Check out this post from Battered Leather Journal about experiencing the Qingdao International Beer Festival.
On the cab ride to the International Beer Festival it is my turn to get all the attention of the driver. This guy is chatting “with” me in Mandarin like I’m not a tall, blonde, white guy shaking my head at him. The way I stick out, my thumbs are almost physically sore. But this guy hardly stops – and when he does it’s to give me a chance to respond. Man, get a clue! Then he sees an Amway building and points at it as if to say “All your friends work there! We should stop and say hi!” In the end it’s much better than having a rude guy who hates Americans drive us around, but it is still awkward to have this guy expect answers to the questions that I’m assuming he is asking me.
The Beer Festival is fairly astounding, for so many reasons. My immediate reaction is to the sheer magnitude of the event, all dedicated to drinking beer – it is the biggest beer festival in Asia. And I’ve never been to Oktoberfest, which must be the only thing that compares, so this is a revelation for me. There are huge pavilions from breweries around the world (“No way, Hofbrauhaus!? We’ve been to that brewery in Munich!”) enticing you with benches and tables to sit and drink and stages offering a wide variety of performing acts all day long. We watch singers and dancers; beauty pageant bathing suit competitions; fire breathers; belly dancers; the Asian Destiny’s Child, complete with multiple matching wardrobe changes; a wailing alto sax player; and, in an odd change of pace for how late into the night and how drunk everyone is, a guy playing a very traditional Chinese stringed instrument.
Outside the pavilions there is a all-out carnival. We venture onto the dragon swing ride (that one ride at every carnival that is some sort of dragon or big boat that swings back and forth like a pendulum) and, maaaaybe a little drunk by now, enjoy ourselves and laugh and scream. While the ride operator can hardly stand in his little booth because he’s laughing so hard at us, a little boy with his siblings can hardly sit still in the ride because he is crying so hard from fear.
For us, the main attraction outside the tents is the Ali Baba chuanr and grill. (Get it? Chuanr and grill? Like bar and grill?? GET IT?!?!) They are two Muslim men grilling kebabs of lamb, spiced with that magic combination of I-don’t-know-what. They have masterfully cut their meat to avoid my one occasional problem with chuanr, which is that sometimes entire chunks of meat get wasted because I cannot stand the texture of chewing on fatty gristle while trying to get the good stuff. But these guys, these geniuses, offer thick, beautiful, tender, lean, juicy meat that simply detaches itself from the inch of fat on the end of each one. So it cooks in the fat, stays moist and flavorful, but when you pull the meat off the stick, the fat stays and can easily be chucked in the trash. A combination of very high quality meat and brilliant butchering, I think. These wonderful men serve us, by far, the best chuanr in China. Every hour or so one of us stumbles back to their stand, gets six more heavenly sticks for the group, and returns to the beer. Heavenly, indeed.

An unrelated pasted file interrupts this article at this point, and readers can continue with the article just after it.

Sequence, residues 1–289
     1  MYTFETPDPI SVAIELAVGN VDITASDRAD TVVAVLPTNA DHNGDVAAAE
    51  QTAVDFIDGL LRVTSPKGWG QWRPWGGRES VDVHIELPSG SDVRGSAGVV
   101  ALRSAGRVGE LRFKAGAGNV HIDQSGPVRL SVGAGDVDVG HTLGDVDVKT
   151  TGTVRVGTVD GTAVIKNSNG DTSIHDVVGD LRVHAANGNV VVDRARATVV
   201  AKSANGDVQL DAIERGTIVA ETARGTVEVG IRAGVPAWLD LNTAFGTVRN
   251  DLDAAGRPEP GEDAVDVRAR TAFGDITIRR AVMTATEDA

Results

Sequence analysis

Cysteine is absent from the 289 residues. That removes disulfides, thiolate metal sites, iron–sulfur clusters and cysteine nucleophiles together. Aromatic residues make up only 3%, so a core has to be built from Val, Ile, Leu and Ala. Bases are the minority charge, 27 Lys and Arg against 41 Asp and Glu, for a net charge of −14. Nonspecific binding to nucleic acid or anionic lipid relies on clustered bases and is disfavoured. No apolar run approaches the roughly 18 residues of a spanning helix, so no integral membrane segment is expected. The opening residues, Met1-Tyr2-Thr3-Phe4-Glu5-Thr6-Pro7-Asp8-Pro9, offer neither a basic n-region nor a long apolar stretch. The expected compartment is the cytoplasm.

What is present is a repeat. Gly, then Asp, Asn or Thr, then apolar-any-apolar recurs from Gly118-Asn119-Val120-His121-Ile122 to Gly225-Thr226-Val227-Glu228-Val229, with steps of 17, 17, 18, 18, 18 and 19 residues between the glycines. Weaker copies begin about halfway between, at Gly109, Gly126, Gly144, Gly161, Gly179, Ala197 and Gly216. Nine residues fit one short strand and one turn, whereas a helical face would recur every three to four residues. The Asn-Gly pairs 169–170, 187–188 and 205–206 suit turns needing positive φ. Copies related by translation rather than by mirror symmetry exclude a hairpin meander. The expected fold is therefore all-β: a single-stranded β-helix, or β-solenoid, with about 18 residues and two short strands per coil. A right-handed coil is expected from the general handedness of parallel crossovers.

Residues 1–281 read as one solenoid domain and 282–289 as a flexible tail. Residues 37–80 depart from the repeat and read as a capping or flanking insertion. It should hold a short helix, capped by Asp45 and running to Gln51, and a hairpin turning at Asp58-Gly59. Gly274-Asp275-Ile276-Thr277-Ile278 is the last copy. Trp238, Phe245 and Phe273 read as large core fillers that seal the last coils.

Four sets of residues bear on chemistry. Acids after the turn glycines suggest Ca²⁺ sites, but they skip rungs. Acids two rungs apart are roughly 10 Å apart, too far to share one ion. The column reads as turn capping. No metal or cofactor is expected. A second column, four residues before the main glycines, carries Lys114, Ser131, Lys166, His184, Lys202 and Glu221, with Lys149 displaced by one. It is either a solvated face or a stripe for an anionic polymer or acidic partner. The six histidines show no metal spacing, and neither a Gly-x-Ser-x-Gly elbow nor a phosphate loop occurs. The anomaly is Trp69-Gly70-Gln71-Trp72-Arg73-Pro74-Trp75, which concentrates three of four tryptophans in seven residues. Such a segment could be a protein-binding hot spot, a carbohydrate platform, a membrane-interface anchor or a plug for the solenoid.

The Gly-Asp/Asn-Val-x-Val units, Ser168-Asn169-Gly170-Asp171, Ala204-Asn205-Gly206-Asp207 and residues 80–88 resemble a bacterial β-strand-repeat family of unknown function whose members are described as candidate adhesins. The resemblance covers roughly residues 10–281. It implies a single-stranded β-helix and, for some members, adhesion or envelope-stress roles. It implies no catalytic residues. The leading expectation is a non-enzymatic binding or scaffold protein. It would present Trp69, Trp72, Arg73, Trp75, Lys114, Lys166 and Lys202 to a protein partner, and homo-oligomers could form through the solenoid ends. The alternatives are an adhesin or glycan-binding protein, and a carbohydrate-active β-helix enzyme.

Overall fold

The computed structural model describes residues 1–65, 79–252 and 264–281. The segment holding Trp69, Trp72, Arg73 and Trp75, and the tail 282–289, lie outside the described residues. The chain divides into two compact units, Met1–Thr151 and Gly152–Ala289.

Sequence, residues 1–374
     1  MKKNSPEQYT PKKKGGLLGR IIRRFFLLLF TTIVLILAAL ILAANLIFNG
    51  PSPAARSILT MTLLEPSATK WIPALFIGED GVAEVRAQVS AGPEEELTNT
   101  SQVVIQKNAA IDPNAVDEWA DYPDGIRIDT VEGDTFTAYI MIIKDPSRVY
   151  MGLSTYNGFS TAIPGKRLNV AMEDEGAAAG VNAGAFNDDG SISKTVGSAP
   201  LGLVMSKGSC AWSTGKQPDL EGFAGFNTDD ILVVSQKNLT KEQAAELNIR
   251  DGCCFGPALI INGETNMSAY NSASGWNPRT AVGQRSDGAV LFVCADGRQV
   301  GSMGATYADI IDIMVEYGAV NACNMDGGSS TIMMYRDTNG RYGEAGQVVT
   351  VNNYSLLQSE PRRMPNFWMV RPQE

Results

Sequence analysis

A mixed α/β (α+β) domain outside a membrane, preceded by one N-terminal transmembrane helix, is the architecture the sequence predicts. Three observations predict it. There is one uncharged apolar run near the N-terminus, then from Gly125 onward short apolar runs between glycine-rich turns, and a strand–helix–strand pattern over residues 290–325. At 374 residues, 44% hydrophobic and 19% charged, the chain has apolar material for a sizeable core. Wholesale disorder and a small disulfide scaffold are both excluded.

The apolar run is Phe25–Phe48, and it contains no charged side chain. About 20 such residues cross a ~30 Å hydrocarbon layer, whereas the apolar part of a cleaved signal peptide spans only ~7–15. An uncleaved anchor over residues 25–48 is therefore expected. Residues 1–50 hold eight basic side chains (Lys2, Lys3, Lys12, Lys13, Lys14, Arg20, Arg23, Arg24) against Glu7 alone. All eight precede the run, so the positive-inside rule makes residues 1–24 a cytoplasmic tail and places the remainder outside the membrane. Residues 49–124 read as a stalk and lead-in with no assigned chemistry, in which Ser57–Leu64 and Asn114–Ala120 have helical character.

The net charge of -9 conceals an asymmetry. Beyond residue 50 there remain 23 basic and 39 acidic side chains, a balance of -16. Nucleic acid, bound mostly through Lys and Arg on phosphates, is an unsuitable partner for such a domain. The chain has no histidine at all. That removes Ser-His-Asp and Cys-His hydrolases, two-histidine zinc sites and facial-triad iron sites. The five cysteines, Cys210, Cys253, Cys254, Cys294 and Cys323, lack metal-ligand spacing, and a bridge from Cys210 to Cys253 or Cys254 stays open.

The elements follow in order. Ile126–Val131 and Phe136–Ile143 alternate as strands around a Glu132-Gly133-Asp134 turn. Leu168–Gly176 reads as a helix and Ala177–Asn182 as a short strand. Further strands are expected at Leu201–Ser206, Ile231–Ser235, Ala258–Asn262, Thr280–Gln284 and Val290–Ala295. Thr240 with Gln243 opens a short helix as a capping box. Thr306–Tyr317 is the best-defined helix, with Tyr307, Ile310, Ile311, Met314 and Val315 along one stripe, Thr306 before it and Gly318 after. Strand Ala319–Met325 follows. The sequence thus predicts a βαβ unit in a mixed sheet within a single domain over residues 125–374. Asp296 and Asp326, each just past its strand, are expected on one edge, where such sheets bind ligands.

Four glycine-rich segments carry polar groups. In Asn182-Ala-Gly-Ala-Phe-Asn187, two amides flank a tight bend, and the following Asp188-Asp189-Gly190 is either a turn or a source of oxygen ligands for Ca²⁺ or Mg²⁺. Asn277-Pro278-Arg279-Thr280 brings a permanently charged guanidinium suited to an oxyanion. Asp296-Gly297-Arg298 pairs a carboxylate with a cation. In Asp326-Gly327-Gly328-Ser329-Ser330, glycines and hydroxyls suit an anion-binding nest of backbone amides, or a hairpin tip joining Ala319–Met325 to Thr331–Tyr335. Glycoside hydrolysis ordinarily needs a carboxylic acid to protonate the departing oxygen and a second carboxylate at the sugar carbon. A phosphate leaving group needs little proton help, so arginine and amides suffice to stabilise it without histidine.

The other astounding thing about the festival is how much attention we are getting. Even though we are used to it from the first three weeks, this day has brought it to a new level. As the sun grows weary from the day of drinking and goes to sleep it off, we are really just getting going in the tents; and as the night wears on, and the tents are serving beer in plastic cups because they’ve run out of steins, we just get awesomer and awesomer in the eyes of our imbibing Chinese counterparts. Performers come over to sing, dance, and guzzle glasses of beer on our table. Huge groups of teens join us for stranger photo-shoots. A man gives me his hat for gan bei-ing with him. (Gan bei [gon-bay] verb -bei-ed, bei-ing 1. to make random eye contact with an intoxicated Chinese person, clink your classes together, and down your entire drink: A man got mad at me when I didn’t finish my whole drink after gan bei-ing with him.) We get up on stage and dance with the performers. There may or may not be a situation where someone from our group goes to make friends with some drunk men in the hopes of getting us free beer. I play a ring-toss game outside and before I’m done there are about thirty people who have stopped to watch me fail miserably.
By the end of the night, the Phenomeblonde phenomenon creates another twenty photo-shoot strangers, and I think Kristy probably gets even more. (My total is now at forty!) During the craziness, each of us loses something: I lose my lens cap; Sam loses her . . . contacts case?; and Kristy loses her . . . camera battery or something?
We make our way back to the hotel after seeing a guy sitting down and passed out, with his arm holding the back of the bench supporting all of his weight to keep him from falling forward into his own vomit on the ground.
Too much information?
Qingdao International Beer City on Google Maps
Ctrip Booking for the 2010 Qingdao International Beer Festival
Tipsy Animals on Parade: Mascots of Qingdao International Beer Festival
Qingdao International Beer Festival Official Site (Chinese)